Beryl Hordern died in 2014. In 2001 she had executed a will completed in her handwriting using a Will kit leaving the whole of her estate to her niece, Ann Richardson. In 2004 after a falling out with her niece, Beryl instructed a solicitor to make a new will that left the whole of her estate to Cynthia Carr.
Beryl’s solicitor queried why she was making such a drastic change Beryl replied that Cynthia had been a good friend to me over a great number of years and was her only real friend. When the solicitor asked about her niece Beryl replied that she didn’t want to leave anything to her niece or nephew saying that Ann had disgraced herself with comments about my sister (her mother) and the nephew doesn’t deserve anything.
Beryl believed that Ann did not need the money and was upset that she had not visited or inquired about her health or wellbeing since their falling out.
Ann told the court that she had a “normal loving relationship” with her mother, who had died in 1972, however she had fallen out with her aunt and that their relationship broke down after Beryl asked her to make inquiries about how she could die by euthanasia.
Ann had contacted the Euthanasia Society and informed Beryl that they had told her it was “not legal to do it. And that the society does not assist people to die”. Ann said that her aunt had replied: “You knew I wanted it so why did you stop it? What you did was wrong. I can’t believe it.”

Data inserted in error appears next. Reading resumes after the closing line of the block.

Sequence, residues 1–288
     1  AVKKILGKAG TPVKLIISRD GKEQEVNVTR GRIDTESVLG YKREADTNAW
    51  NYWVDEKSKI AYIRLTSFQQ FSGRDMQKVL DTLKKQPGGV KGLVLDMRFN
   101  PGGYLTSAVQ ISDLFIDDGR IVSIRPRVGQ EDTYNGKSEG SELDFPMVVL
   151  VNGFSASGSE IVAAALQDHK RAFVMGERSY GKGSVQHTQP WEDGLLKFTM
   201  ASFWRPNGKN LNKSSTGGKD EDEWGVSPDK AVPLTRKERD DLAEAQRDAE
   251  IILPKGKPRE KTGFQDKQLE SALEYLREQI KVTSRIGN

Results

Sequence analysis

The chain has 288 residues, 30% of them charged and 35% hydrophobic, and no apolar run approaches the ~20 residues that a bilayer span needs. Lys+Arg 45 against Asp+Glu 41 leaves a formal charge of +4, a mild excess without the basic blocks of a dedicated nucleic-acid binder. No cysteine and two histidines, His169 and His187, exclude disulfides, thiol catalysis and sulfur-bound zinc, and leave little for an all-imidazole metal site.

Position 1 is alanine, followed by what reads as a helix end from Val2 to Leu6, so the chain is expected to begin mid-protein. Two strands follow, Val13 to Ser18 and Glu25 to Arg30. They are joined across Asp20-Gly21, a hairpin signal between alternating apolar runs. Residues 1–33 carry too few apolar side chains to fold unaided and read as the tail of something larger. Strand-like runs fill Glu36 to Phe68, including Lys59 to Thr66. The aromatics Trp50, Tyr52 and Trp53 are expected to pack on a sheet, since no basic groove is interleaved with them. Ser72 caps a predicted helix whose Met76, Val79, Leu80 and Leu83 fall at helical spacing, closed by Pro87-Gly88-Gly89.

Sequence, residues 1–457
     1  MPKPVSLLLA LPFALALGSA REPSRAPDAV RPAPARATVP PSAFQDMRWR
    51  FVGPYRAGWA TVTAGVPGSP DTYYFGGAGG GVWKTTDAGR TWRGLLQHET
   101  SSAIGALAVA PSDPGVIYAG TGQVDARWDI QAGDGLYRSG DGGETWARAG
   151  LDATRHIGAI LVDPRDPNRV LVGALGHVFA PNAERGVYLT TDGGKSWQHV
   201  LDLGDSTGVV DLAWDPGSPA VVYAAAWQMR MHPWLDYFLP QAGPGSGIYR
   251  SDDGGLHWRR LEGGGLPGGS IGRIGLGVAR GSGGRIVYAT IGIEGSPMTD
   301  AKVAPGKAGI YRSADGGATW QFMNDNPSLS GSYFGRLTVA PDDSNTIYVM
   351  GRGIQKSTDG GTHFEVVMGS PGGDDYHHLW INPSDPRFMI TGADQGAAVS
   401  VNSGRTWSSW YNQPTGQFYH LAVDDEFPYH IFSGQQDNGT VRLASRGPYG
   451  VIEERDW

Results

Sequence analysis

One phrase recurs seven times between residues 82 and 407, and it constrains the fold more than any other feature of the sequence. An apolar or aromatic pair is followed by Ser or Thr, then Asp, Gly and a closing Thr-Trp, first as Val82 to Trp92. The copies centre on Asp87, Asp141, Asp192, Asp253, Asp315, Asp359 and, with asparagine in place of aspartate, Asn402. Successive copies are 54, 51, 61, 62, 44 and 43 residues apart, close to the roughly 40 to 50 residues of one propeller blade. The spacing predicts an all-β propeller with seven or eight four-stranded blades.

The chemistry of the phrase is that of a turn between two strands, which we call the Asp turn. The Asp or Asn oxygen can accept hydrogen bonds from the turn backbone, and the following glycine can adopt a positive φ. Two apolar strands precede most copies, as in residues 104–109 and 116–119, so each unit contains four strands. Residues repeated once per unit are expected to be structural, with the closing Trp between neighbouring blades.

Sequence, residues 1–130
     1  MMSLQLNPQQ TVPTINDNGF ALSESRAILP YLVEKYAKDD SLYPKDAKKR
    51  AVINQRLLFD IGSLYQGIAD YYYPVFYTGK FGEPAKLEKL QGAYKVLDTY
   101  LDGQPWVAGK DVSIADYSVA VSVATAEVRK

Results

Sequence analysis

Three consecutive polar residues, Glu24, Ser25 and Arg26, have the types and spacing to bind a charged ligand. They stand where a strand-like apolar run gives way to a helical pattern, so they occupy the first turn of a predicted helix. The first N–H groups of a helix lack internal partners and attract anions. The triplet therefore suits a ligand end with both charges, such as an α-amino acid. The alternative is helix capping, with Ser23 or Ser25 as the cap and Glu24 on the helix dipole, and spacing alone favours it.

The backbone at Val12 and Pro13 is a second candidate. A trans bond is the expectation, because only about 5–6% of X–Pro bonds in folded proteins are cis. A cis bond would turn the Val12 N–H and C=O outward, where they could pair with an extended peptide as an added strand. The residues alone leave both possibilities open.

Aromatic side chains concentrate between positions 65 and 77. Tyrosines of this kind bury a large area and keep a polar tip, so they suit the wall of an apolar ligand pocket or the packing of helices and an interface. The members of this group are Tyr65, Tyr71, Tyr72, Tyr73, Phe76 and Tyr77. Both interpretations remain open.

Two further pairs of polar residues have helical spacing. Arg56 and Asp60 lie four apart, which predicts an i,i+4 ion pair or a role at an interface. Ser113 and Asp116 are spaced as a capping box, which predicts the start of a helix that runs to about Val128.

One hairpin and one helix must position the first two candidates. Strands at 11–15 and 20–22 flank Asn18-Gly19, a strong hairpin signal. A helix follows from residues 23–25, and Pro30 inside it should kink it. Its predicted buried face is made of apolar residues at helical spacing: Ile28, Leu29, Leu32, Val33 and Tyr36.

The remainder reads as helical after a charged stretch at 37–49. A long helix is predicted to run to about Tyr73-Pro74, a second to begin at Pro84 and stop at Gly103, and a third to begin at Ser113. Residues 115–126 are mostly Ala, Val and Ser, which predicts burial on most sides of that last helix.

Beryl had been unsure exactly how much her estate was worth, but estimated it to be more than $1 million.
Ann believed that the 2004 will was invalid because Beryl lacked testamentary capacity when she signed it. Cynthia sought probate of the 2004 will.
Under the Banks v Goodfellow test, the Will maker must:
- understand the nature and effect of a will
- understand the nature and extent of their property
- comprehend and appreciate who has a reasonable claim on their estate
- be suffering from no disorder of the mind or insane delusion that would result in a gift that would not have been made under normal circumstances
The Court found that Beryl had acted irrationally and forgetfully in the period of about six months before she executed the 2004 will, as a result Beryl lacked testamentary capacity when she executed the 2004 will granting administration to Anne of the estate under the 2001 Will.
Cynthia appealed that decision in the Court of Appeal, which unanimously ruled that Anne was no longer the beneficiary of the will and that Cynthia was now entitled to the estate.
The Court of Appeal rejected the trial judge’s finding that Beryl was “delusional” in her reasons for changing the will and had erred in finding that her decision had resulted from “an unsoundness of the mind”.
It found that Beryl was well aware of her actions and their repercussions when she made the 2004 will, affirming that “[t]he power freely to dispose of one’s assets by will is an important right, and a determination that a person lacked (or, has not been shown to have possessed) a sound disposing mind, memory and understanding is a grave matter”.